An Italian Humanist Translates Hesiod's Masterpiece - No Copies in North America

Hesiod (fl. ca. 700 B.C.); Della Valle, Niccolò (1444-1473)

Opera et dies (Tr: Nicolaus de Valle). Add: Nicolaus de Valle: Disticha ad Pium II

[Milan: S. Magniagus?,] c. 1483


Quarto: 19.8 x 14.2 cm. [16] lvs. Collation: A-B8 (final leaf blank and present)

SECOND EDITION (1st ed. Rome, 1471).

An excellent, broad-margined copy of this great rarity. With the initial on a1 supplied in red. Bound in modern boards.

Extremely rare. ESTC locates 8 copies worldwide, none in North America, only 2 outside of Italy (Chantilly and Munich).

Hesiod's magnum opus, here in the Latin verse translation (from the Greek) by Italian Niccolò Della Valle (1444-1473). On the verso of the last leaf is Della Valle's dedicatory poem to the great humanist Pope Pius II (Enea Silvio Bartolomeo Piccolomini), in which the poet-translator champions the importance of Greek and boasts that he has 'dared' to translate Hesiod's poem at such a young age.

Completed in 1471, Della Valle's translation of the "Works and Days" is the first "modern" translation of Hesiod's poem, and it was through this Latin version that the epic, with its wealth of moral teaching, folklore, superstition, scenes of pastoral beauty, agrarian wisdom, and mythological tales, became widely available to Renaissance readers. The Greek text was not printed until 1480, and no other translation was printed in the 15th c.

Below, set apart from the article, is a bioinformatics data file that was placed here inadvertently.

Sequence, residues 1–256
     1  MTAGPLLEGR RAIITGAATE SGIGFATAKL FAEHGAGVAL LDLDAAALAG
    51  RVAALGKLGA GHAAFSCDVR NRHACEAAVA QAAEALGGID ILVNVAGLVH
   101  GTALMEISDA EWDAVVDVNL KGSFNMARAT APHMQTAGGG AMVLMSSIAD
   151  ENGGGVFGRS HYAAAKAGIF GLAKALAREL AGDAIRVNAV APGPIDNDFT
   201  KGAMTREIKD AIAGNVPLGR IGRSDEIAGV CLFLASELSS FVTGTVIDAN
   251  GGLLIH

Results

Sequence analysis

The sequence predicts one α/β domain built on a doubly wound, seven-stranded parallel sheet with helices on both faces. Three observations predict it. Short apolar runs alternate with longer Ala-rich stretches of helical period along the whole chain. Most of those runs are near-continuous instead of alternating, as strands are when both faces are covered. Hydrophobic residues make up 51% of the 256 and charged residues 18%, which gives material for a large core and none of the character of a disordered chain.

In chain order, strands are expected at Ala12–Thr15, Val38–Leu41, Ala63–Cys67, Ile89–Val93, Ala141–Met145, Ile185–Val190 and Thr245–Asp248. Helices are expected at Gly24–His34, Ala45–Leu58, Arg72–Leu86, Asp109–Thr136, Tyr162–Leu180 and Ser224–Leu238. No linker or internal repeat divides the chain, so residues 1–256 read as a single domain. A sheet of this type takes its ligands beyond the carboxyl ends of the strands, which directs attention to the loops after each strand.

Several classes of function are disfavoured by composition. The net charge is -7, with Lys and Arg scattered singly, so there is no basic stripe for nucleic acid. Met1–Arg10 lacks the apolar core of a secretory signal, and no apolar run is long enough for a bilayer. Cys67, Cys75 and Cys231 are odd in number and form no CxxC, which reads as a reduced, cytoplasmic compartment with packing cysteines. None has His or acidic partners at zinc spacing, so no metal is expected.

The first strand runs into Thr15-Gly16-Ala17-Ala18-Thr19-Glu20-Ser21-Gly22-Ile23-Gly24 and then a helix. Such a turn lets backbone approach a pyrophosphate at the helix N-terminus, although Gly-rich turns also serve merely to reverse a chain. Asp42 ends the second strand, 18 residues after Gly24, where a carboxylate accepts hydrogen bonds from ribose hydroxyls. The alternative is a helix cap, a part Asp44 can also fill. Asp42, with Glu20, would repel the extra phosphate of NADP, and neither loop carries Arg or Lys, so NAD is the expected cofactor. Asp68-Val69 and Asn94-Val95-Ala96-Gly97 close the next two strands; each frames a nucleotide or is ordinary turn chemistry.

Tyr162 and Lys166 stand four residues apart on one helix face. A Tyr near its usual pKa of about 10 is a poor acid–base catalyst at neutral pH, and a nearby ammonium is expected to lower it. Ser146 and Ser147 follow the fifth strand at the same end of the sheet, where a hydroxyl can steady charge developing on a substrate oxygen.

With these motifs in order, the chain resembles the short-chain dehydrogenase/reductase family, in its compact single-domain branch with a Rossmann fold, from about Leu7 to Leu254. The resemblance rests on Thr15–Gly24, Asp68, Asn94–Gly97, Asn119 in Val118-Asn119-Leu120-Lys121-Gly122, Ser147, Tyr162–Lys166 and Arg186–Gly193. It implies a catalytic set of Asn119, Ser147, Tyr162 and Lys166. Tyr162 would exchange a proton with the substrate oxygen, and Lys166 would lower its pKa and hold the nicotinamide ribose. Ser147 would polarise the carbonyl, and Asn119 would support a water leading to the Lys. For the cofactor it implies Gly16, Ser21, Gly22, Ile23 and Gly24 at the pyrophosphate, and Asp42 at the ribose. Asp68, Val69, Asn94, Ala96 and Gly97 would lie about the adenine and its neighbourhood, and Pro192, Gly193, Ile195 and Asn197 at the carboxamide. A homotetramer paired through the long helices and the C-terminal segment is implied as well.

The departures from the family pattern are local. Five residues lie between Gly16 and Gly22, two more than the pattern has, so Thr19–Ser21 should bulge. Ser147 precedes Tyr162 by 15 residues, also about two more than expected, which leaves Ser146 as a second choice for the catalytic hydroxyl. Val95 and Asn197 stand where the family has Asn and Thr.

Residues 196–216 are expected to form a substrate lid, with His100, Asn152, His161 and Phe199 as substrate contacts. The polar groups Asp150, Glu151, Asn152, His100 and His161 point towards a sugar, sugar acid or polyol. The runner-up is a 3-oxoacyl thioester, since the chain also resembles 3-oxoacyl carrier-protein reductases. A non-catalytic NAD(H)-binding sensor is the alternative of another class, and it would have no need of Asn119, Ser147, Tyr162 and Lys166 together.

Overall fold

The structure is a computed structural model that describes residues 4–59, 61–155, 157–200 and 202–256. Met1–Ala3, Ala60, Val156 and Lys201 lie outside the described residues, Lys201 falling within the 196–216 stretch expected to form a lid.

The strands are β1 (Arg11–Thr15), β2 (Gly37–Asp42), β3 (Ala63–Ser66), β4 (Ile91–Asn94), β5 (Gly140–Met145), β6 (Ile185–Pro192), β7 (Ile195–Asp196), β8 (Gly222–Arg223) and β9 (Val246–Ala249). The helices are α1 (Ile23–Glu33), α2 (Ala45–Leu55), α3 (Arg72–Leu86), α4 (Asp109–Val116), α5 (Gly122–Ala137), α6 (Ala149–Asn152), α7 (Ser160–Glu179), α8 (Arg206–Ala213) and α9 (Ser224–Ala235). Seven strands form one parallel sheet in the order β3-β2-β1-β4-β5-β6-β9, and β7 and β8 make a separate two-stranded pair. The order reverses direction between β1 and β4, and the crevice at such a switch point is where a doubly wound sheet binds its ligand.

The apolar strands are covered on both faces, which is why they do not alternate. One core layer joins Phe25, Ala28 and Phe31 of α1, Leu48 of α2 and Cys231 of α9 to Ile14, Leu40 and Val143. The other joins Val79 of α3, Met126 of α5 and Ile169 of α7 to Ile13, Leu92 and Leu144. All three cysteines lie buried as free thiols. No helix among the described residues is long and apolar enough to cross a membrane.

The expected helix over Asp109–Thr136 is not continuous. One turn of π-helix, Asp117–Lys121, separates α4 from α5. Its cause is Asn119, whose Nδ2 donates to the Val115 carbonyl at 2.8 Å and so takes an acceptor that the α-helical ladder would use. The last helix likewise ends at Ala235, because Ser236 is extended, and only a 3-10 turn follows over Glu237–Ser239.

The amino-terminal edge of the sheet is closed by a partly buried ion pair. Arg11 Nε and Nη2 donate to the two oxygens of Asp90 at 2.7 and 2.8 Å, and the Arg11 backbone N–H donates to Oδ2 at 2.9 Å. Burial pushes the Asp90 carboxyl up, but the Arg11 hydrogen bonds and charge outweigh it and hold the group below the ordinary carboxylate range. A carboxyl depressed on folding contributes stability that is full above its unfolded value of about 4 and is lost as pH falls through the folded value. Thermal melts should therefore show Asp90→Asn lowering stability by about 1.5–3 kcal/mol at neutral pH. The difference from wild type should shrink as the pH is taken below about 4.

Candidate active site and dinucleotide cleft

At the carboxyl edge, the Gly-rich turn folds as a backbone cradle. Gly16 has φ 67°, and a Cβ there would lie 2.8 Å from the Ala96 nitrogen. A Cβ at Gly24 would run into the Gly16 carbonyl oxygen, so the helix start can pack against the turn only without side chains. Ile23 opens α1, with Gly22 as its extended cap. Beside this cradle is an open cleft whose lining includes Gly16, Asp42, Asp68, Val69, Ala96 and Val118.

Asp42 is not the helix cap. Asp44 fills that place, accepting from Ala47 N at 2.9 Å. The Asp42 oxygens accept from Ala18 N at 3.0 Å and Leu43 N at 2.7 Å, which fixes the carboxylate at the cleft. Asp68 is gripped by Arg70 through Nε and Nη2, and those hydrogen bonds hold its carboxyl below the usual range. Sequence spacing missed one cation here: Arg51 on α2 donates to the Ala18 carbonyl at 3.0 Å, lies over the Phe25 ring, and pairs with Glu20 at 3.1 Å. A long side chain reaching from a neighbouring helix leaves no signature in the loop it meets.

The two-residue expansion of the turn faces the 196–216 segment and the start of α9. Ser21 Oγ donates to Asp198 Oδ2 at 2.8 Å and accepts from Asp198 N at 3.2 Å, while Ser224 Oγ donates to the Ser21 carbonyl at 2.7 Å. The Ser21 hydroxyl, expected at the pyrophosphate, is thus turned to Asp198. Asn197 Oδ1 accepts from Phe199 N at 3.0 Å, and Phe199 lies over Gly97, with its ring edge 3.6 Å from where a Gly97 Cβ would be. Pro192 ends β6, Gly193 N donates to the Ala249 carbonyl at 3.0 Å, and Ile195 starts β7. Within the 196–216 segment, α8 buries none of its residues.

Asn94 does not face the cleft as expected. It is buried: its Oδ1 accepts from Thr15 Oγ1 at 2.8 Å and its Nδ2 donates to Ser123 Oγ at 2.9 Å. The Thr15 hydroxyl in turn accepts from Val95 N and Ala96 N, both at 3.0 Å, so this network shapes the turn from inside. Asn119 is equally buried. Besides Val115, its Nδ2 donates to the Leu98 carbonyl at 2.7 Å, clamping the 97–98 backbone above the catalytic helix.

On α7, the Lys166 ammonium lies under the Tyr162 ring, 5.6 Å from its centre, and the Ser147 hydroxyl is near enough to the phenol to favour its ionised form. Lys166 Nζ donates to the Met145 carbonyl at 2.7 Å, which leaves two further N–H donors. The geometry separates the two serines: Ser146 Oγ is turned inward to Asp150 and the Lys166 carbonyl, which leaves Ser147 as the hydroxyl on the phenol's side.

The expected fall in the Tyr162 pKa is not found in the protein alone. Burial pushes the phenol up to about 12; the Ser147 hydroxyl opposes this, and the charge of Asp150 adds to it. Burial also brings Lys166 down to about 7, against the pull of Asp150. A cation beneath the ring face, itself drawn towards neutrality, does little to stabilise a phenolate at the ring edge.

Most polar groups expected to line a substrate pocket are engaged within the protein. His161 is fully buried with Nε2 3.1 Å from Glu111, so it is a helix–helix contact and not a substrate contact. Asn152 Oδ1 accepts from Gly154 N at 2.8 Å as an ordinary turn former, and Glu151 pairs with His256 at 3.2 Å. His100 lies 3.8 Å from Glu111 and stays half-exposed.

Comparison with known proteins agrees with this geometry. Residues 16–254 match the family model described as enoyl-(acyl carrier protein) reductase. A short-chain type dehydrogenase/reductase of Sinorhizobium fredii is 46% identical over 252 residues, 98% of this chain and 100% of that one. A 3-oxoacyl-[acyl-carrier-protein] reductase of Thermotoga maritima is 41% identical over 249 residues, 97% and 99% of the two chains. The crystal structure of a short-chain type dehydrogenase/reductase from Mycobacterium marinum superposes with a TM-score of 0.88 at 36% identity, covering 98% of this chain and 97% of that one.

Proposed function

Along with a translation of Homer, Della Valle's Hesiod is the work upon which the poet's fame rests. When Della Valle died at the tragically young age of 29, his father included the words "Iliadem Homeri et Hesioduin heroico carmine in latinum vertit" in the epitaph for his son's tomb in the Roman church of Santa Maria in Aracoeli.

"His contemporaries remembered him as an elegant translator of Hesiod and Homer, praised his ingenuity and erudition and mourned his early death. Porcelli praised him in his elegy of Pius II, as did Gaspare da Verona in the De gestis Pauli secundi, Cortesi in the De hominibus doctis, Giraldi in the De poetis nostrorum temporum, and Valeriano in the De litteratorum infelice."(Treccani)

ISTC ih00136500; GW 12395; IGI VI:4723-A.- BSB-Ink H-227; Not in Goff, BMC, CIBN.